Atlassian co-founder Mike Cannon Brookes scored a huge win that will drastically change the course of Australia’s largest polluting company.
Billionaire Mike Cannon-Brookes has apparently cleaned up Australia’s biggest polluter, with AGL Energy abandoning plans that would keep it burning coal for another 20 years.
AGL announced on Monday morning that its top management would step down and would no longer attempt to split its coal businesses following a prolonged period of pressure from Cannon-Brookes and other investors.
The Atlassian co-founder was the leading figure in a push to move AGL away from coal-fired power generation, which it would have done had it managed to split its highly polluting coal and gas operations into a new company.
Mr. Cannon-Brookes had made a couple of attempts to buy the company with the help of other investment firms before acquiring an 11.3% majority stake earlier this month via his company Grok Ventures.
It was this stakes, plus growing opposition from others, that ultimately seems to have sunk AGL’s plans.
The company on Monday insisted that the split was still a viable option, but said clear and growing resistance had still forced it – and its key management – to leave.
“AGL Energy believes that the proposed demerger would have been supported by a majority of shareholders, both retail and institutional, many of whom are long-term holders of AGL Energy shares,” he said.
“However, given the anticipated turnout and declared opposition from a small number of investors including Grok Ventures, AGL Energy believes the spin-off proposal will not receive sufficient support to reach the 75% approval threshold for one. agreement scheme “.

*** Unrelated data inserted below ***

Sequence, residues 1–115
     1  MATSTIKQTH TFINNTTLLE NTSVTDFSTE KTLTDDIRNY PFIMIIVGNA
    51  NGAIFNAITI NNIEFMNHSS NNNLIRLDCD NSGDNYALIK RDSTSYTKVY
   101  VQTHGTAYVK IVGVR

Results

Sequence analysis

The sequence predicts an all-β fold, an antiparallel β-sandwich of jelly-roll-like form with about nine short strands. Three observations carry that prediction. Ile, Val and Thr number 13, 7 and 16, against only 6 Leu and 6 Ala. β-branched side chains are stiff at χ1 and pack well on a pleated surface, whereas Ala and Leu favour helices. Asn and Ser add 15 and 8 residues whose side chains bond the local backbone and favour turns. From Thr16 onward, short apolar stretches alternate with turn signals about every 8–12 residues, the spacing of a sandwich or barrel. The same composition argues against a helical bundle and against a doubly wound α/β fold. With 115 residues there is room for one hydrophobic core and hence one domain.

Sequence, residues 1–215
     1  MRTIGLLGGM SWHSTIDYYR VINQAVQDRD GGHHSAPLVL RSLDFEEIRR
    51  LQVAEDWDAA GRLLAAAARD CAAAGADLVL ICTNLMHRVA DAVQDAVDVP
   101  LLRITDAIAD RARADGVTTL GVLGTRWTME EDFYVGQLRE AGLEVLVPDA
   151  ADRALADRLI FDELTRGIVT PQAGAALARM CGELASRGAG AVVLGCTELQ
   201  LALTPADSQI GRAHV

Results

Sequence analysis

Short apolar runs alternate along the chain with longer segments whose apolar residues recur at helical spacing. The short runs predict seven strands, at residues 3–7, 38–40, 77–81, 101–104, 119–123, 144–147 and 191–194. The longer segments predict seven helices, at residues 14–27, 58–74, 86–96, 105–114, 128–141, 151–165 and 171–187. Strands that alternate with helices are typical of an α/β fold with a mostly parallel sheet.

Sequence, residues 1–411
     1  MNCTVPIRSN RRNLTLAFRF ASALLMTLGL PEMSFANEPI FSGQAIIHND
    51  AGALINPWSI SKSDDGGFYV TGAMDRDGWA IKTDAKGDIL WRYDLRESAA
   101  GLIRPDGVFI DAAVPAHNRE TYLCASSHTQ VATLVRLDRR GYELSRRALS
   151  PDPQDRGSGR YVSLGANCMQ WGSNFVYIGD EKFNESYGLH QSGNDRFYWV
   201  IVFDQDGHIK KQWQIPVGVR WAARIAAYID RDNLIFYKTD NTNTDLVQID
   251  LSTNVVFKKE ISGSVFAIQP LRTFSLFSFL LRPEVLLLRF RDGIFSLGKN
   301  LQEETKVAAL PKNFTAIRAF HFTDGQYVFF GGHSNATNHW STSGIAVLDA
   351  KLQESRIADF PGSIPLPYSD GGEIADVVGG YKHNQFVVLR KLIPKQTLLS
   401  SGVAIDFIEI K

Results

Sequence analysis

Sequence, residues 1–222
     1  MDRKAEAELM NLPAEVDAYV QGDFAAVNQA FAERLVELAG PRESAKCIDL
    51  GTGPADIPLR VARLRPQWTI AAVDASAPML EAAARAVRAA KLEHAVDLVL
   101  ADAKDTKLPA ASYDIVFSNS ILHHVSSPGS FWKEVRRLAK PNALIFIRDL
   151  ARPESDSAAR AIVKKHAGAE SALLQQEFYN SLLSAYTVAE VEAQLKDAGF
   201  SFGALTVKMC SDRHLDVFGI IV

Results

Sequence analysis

AGL CEO Graeme Hunt and President Peter Botten have announced that they will now leave the company with the spin-off no longer viable.
Board members Jacqueline Hey and Diane Smith-Gander are also leaving.
“Although the board of directors felt that the proposed demerger offered the best way forward for AGL Energy and its shareholders, we have made the decision to withdraw it,” said Peter Botten, chairman of the board of AGL Energy.
“The board will now undertake a review of AGL’s strategic direction, change the composition of the board and management and determine how best to create long-term shareholder value in the context of Australia’s energy transition.”
AGL supplies about a third of Victoria’s electricity, and its gas and coal plants are the largest emitters of greenhouse gases in the country, accounting for about 8% of Australia’s carbon footprint.
And there’s more
Originally published as Best brass jump ship when AGL Energy’s coal split plan was canceled